In this paper, he found that the immune response in the brain is much more diverse, fairly strongly recognizing at least one  peptide other than the known dominant job.  Because the “normal” (that is, non-neuronal) immune response is so focused, this almost certainly means that the active immune response, down at the pointy end where the T cells are actually working, are responding to altogether different peptides.

It’s generally been assumed, as I say, that the easily-accessed blood or secondary lymphoid tissue is a reasonable approximation of what’s going on in the actual sites of action, in the peripheral tissues — in other words, the idea has been that there’s more or less equal flow of cells between the tissues and the blood and lymph. The recent work on timing and kinetics that I mentioned here sort of supported that assumption, but now we have to wonder whether in fact there’s some kind of filter that keeps some sets of T cells from entering, or staying in, the blood.

We also have to wonder if the whole “immunodominance” paradigm is what we think it is. Could immunodominance represent the filter between blood and tissues, rather than the actual formation of responses? I actually don’t think that would explain immunodominance in general (for one thing, we see strong immunodominance for viruses of lymphocytes, where the blood is the site of infection, so there shouldn’t be a filter) but it’s something to factor in.

  1. D. C. Tscharke (2006). Poxvirus CD8+ T-Cell Determinants and Cross-Reactivity in BALB/c Mice Journal of Virology, 80 (13), 6318-6323 DOI: 10.1128/JVI.00427-06
    D. C. Tscharke (2005). Identification of poxvirus CD8+ T cell determinants to enable rational design and characterization of smallpox vaccines Journal of Experimental Medicine, 201 (1), 95-104 DOI: 10.1084/jem.20041912[]
  2. D. C. Tscharke (2005). Identification of poxvirus CD8+ T cell determinants to enable rational design and characterization of smallpox vaccines Journal of Experimental Medicine, 201 (1), 95-104 DOI: 10.1084/jem.20041912[]
  3. B. S. Sheridan, T. L. Cherpes, J. Urban, P. Kalinski, R. L. Hendricks (2008). Reevaluating the CD8 T cell response to HSV-1: Involvement of CD8 T cells reactive to subdominant epitopes Journal of Virology DOI: 10.1128/JVI.01699-08[]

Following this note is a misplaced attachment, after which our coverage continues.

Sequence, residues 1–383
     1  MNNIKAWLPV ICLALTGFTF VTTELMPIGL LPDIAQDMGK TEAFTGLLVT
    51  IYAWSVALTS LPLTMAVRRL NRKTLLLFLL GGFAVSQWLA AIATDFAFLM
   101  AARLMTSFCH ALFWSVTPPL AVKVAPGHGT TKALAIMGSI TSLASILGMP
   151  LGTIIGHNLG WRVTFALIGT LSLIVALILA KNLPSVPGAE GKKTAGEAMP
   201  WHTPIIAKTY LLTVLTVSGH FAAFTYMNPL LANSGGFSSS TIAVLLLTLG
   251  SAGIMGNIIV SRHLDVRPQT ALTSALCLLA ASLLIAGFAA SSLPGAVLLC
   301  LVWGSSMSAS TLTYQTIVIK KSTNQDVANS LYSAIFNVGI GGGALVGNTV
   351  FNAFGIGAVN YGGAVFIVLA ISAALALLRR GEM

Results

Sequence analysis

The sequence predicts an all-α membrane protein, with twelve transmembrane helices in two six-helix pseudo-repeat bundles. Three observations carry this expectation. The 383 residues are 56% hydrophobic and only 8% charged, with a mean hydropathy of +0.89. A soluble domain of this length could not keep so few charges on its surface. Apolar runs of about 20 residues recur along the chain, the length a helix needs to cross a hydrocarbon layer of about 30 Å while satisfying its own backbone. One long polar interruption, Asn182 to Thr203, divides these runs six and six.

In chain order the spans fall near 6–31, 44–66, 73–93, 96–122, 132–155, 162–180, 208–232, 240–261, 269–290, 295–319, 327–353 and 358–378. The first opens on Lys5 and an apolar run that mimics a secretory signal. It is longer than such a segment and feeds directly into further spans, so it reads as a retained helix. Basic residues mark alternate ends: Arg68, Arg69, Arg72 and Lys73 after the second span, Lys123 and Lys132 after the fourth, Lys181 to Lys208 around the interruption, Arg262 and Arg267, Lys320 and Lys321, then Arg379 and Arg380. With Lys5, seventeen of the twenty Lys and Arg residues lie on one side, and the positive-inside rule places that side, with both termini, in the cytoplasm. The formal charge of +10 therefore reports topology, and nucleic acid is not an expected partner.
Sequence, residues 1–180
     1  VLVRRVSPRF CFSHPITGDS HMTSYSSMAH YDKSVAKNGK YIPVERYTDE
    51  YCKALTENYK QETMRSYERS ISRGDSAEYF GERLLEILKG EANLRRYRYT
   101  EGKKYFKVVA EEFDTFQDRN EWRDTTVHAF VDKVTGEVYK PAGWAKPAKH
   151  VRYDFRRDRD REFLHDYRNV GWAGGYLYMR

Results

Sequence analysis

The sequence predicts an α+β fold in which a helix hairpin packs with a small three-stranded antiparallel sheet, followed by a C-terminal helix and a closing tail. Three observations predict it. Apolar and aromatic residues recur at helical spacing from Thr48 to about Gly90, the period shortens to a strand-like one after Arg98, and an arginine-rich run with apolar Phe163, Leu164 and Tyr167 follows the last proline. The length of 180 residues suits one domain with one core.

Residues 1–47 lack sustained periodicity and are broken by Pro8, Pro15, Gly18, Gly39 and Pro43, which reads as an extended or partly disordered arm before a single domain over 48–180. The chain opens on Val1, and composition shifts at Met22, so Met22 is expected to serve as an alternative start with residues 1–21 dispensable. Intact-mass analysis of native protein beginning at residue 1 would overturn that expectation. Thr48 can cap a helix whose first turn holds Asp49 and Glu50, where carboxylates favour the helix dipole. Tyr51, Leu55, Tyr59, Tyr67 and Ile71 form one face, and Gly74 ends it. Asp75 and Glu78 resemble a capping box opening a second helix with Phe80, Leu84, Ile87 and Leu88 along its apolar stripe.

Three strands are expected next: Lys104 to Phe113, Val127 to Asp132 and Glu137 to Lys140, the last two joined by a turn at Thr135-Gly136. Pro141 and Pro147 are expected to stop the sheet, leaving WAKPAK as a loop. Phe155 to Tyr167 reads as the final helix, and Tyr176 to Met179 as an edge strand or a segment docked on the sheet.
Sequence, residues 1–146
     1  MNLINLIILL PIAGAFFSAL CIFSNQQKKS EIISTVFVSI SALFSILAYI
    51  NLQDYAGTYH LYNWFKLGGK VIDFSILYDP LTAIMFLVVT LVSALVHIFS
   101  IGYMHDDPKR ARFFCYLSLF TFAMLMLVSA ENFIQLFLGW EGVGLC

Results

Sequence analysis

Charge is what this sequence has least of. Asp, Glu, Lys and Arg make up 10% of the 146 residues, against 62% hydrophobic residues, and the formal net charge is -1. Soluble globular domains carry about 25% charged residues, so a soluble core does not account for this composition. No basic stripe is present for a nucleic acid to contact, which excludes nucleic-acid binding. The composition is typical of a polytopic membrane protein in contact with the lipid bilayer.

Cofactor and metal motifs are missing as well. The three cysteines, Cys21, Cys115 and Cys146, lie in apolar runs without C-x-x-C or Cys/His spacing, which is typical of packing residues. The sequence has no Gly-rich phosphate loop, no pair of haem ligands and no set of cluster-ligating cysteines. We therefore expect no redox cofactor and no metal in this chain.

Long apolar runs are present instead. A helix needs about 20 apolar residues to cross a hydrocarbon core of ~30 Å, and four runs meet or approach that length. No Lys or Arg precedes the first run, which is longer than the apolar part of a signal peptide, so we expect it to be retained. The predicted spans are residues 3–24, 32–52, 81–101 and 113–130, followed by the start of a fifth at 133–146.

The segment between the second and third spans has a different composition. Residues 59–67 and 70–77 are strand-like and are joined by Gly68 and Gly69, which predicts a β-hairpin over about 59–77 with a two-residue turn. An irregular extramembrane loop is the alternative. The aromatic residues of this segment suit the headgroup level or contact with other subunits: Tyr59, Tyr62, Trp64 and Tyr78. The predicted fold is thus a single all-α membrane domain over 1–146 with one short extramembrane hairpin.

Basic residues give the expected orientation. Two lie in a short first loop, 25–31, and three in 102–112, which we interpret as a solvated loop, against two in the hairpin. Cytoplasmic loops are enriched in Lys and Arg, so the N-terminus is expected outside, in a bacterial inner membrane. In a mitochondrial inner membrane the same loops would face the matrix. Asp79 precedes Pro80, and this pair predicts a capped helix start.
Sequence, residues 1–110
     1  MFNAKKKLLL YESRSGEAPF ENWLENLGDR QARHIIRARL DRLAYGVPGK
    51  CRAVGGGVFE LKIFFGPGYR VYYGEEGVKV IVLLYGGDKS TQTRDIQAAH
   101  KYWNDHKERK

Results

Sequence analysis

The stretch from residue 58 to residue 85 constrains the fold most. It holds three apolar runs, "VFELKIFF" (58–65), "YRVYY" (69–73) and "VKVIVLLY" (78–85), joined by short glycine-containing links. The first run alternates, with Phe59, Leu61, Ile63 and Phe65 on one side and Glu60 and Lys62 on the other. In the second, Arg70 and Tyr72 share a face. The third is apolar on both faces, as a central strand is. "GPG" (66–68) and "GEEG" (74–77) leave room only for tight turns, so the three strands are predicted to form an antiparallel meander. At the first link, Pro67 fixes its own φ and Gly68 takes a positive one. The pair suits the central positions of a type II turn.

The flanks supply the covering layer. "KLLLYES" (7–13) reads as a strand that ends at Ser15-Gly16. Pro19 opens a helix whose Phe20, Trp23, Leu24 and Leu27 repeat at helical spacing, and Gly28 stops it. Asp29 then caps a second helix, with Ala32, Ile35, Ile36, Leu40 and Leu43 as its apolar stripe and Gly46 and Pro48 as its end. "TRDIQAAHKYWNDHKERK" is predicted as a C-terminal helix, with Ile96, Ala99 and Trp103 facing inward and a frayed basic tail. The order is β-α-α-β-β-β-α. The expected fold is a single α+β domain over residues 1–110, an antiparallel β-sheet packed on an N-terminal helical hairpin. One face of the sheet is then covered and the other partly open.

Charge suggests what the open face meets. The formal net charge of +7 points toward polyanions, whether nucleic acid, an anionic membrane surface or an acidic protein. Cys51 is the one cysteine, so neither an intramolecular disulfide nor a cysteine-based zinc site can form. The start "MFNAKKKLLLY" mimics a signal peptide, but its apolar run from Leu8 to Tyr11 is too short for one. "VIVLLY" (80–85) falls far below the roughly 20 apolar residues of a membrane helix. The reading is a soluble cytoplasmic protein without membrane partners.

4. Electron tomogram of a HSV nucelocapsid completing envelopment , from Baines, J. D., C. E. Hsieh, E. Wills, C. Mannella, and M. Marko. 2007. Electron tomography of nascent herpes simplex virus virions. J Virol 81: 2726-2735.[]
July 24th, 2008

HIV and immunodominance, again

HIV modelOne of the reasons HIV can persist in infected people, in spite of a powerful and effective cytotoxic T cell immune response against the virus, is that the virus mutates rapidly. Because CTL each only target a short stretch of the genome (say, 9 amino acids) and a single amino acid change may allow the virus to escape recognition by a particular CTL clone, it may not take long for a viral mutant to arise that is invisible to the dominant CTL population in a particular individual.

It’s been suggested that immunodominance is one of the factors that determines the rate at which HIV can escape from a particular immune response. In a highly immunodominant response, most of the CTL specific for the virus all target a single peptide epitope. If the virus manages to mutate this peptide, it has escaped the bulk of the immune response, and the new mutant virus can explode unchecked (until a new CTL response arises).

On the other hand, if the CTL response isn’t dominated by a single epitope — that is, if the response is broad, targeting many peptides — the virus has to simultaneously mutate several regions of its genome, which is exponentially less probable than single mutations. On the other hand, typically a broad CTL response would have fewer cells attacking each individual epitope, so perhaps the overall control might not be as good during the peak response.

Directly analyzing these questions is a huge task. Identifying CTL epitopes isn’t easy even when there are a few of them; looking at HIV changes isn’t easy even when there’s a concrete starting point; and in an infected patient you would need to track CTL recognition and HIV changes at short intervals, and over a long period; a task even more complicated by all the variables of a massively diverse starting population, replication and fitness issues … just an overwhelming problem.

A paper in PLoS Computational Biology1 tries to model these possibilities.

Organic computer
Organic computer